Iran executed two men for financial crimes early Wednesday, punishments that were quickly assailed by Amnesty International as disproportionate and reflective of Tehran’s “shameless disregard for the right to life.”
Vahid Mazloumin, a mogul known for his work in the gold coin trade and nicknamed the “Sultan of Coins,” and his accomplice Mohammad-Esmaeil Qassemi were found guilty of forming a “smuggling gang” that manipulated the domestic currency market and made “illegal deals,” Iran’s state-run IRNA news said.
Mazloumin, 58, was arrested in July and sentenced to death in October for allegedly hoarding the coins, a move which Iran said destabilized the country’s currency market, IRNA reported.
The Iranian rial has been in a nosedive this year, largely due to the Trump administration’s decision to reimpose sanctions against Tehran after the White House abandoned the Iran nuclear deal. Many Iranians have reportedly rushed to buy gold, foreign currencies and precious metals to protect their savings, as the rial is estimated to have plummeted by around 70%.
The IRNA report said that “in recent months, (the) economic situation and the instability in the Forex market have caused popular discontent.”
Amnesty International called the trial of the two men “grossly unfair” and condemned the decision to execute the men for non-violent crimes.
“With these abhorrent executions the Iranian authorities have flagrantly violated international law and once again displayed their shameless disregard for the right to life,” said Philip Luther, Amnesty International’s Middle East and North Africa research and advocacy director.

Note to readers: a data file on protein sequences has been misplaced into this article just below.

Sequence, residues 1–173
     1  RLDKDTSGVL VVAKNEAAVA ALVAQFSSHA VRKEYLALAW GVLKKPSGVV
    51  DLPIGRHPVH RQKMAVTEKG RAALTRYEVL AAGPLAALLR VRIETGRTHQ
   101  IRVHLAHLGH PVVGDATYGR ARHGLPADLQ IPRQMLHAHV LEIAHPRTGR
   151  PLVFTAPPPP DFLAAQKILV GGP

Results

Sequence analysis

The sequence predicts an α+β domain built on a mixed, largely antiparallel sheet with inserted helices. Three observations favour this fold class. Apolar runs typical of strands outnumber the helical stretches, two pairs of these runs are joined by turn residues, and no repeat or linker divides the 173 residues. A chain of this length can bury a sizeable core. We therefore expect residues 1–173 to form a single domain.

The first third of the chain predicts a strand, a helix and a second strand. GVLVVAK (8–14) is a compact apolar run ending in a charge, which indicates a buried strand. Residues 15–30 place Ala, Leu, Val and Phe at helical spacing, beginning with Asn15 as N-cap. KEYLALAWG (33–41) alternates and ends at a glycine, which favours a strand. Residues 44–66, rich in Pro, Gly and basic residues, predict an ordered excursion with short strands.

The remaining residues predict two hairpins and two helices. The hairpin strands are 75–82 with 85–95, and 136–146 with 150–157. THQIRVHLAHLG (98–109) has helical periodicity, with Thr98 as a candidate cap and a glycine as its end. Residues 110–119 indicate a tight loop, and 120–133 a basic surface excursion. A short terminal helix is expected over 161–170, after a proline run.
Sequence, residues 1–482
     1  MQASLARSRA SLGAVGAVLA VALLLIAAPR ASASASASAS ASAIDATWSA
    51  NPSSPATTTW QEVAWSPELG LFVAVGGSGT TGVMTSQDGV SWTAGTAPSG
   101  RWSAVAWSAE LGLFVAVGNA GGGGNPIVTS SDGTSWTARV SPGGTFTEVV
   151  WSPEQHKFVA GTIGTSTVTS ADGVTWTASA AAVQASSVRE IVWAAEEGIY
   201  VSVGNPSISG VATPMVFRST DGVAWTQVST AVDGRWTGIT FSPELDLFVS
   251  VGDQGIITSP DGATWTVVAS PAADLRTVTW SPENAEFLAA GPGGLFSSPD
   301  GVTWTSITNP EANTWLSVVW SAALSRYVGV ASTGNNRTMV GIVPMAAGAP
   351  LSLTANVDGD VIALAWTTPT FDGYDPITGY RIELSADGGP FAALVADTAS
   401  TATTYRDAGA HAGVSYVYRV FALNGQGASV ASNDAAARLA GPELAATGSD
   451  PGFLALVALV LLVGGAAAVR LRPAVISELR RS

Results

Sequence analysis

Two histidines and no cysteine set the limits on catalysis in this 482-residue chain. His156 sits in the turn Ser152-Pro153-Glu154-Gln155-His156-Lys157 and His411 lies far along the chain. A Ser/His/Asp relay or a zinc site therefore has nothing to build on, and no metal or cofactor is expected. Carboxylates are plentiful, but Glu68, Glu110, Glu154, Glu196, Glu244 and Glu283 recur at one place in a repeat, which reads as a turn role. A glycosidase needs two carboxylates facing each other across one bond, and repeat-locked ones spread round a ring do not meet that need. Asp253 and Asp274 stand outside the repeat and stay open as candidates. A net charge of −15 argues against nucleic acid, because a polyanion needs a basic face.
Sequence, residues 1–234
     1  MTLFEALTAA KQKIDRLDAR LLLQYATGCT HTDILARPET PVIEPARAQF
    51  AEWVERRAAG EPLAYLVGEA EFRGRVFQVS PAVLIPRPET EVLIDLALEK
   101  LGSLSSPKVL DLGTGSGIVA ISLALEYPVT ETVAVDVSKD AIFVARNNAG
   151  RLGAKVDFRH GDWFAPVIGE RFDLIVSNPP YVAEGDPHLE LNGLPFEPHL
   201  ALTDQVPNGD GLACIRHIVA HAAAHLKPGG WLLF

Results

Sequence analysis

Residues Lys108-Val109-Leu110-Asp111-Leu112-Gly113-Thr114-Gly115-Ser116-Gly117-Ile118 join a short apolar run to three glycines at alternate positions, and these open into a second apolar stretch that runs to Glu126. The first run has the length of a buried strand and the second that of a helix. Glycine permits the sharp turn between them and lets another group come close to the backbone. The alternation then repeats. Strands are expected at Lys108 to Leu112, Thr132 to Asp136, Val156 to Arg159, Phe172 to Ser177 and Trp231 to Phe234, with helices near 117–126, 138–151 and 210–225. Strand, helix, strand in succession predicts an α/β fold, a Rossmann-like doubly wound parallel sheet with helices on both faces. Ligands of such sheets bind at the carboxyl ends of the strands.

“Use of the death penalty is appalling under any circumstances but it is even more horrific given that these men were convicted after a grossly unfair show trial that was broadcast on state television. Under international human rights law, the death penalty is absolutely forbidden for non-lethal crimes, such as financial corruption.”
International human rights groups have long criticized Iran for its use of capital punishment. Tehran has reportedly executed five minors this year – one of only four countries to do so since 2013, according to Human Rights Watch.
Earlier this year, Iran Supreme Leader Ayatollah Ali Khamenei approved a request by the head of the country’s judiciary to set up special courts to deal with financial crimes The courts have sentenced several people to death since then, according to Amnesty International.